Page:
DISAPPEARING ACT IV European Film Festival, April 11 - 22
25 contemporary films from 21 European countries, guests & special events
- runs April 11 - 22 at IFC Center, Bohemian National Hall and French Institute Alliance Francaise -
except opening night all events are free!
DISAPPEARING ACT launched as an annual event in 2009 and instantly became a popular event in New York for its unique, carefully curated celebration of the vitality of European cinema. This year's expanding series presents films in three venues with an opening night event at the IFC Center on Wednesday, April 11; two days of screenings at Tinker Auditorium at the French Institute Alliance Francaise (FIAF) on Friday, April 13 and Saturday, April 14; and in the digital cinema at Bohemian National Hall, from April 12-22. The festival will present 25 contemporary European films from Austria, the Wallonia-Brussels and Flanders regions of Belgium, Bulgaria, Croatia, the Czech Republic, Estonia, France, Germany, Greece, Hungary, Italy, the Netherlands, Poland, Portugal, Romania, Serbia, Slovakia, Slovenia, Spain, Sweden and Switzerland.
As in the past, the program presents films that have gained acclaim on the festival circuit and with critics, yet remain largely unknown to American audiences. Films will be introduced by special guests and filmmakers, who will also be present for post-screening discussions. U.S. Premieres include THE SYSTEM (Germany, 2011; the opening night film at the IFC Center) and the festival features New York premieres of films such as WASTED YOUTH (Greece, 2010); AMADOR (Spain, 2010), EIGHTY LETTERS (Czech Republic, 2011) or THE CHRISTENING (Poland, 2010).The series also brings back into the spotlight two critically acclaimed films with current distribution: MICHAEL (Austria, 2011) and POLICE, ADJECTIVE (Romania, 2009).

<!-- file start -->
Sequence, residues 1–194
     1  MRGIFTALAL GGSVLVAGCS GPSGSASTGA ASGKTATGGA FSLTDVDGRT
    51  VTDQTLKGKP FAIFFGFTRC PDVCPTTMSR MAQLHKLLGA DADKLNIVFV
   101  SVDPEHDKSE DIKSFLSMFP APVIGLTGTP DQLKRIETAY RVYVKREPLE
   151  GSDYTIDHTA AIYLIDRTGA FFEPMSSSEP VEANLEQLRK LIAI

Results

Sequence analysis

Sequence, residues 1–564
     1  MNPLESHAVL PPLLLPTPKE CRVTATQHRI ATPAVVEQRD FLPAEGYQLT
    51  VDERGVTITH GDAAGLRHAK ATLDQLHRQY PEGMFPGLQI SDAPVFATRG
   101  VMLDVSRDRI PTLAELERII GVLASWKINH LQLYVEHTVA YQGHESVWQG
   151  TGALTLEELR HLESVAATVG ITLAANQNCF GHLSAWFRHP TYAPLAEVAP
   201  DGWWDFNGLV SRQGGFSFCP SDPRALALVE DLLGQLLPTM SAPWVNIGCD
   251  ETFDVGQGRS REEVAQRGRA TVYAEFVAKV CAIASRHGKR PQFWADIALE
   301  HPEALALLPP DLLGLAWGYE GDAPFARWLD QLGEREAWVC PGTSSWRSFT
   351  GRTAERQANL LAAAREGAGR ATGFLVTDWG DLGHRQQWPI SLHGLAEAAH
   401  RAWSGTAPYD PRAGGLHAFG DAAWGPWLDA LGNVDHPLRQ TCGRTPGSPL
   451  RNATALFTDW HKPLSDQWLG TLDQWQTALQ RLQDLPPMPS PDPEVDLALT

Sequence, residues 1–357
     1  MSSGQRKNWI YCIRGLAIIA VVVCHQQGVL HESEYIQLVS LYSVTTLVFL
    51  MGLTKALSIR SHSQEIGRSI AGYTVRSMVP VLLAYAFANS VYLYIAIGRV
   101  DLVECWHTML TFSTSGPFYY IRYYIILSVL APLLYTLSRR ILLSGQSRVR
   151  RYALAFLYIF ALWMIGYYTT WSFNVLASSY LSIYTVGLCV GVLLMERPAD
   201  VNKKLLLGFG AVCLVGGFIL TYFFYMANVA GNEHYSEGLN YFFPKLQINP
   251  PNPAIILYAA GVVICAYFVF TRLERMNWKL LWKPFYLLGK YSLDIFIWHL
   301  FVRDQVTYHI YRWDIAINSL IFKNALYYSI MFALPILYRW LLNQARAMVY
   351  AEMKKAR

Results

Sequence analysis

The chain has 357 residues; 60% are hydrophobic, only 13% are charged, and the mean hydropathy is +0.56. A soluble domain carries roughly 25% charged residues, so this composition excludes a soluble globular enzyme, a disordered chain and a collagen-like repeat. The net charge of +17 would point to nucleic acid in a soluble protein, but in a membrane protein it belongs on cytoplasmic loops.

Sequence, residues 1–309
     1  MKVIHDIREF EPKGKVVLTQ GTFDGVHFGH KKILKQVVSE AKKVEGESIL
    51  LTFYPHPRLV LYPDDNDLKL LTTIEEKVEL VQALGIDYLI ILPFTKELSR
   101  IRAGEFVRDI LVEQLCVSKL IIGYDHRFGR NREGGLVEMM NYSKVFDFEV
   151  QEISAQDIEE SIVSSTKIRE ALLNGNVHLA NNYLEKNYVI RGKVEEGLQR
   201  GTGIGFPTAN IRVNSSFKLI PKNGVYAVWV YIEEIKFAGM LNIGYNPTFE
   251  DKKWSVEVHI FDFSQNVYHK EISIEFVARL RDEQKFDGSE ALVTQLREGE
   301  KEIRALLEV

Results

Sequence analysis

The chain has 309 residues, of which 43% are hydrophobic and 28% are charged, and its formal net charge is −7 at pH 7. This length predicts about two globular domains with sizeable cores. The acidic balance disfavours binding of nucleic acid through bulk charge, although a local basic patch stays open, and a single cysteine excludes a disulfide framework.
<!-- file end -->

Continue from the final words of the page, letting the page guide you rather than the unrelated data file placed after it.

The Disappearing Act program also includes a panel discussion, to be held this year on April 10 at the Bohemian National Hall as a pre-festival event. This year’s panel, to include Julia Solomonoff (Columbia University), Anne Kern (SUNY Purchase), Richard Suchensky (Bard College), and Jaap Verheul (NYU), turns its attention to the presence of European cinema at American universities. The festival also opens itself as an educational resource providing an opportunity to students of New York University’s cinema studies program to introduce several films.
For the second year in a row, the Romanian Cultural Institute in New York will provide support for the films and filmmakers from Romania as well as other South Eastern European countries, presenting the following titles from Romania, Serbia, Greece and Bulgaria:
THU, April 12, 6:30 pm | BNH CINEMA KOMUNISTO directed by Mila Turaljic, Serbia, 2010, 100 min, Documentary An absorbing account of the creation of the miracle of the Yugoslav film industry follows the history on the background of Yugoslav President Tito’s own cinephilia and fascination with every aspect of film production. Featuring Tito’s personal projectionist along with interviews of filmmakers, studio directors and film stars, director Mila Turaljic paints a vivid picture of the rise and fall of once mighty film studios.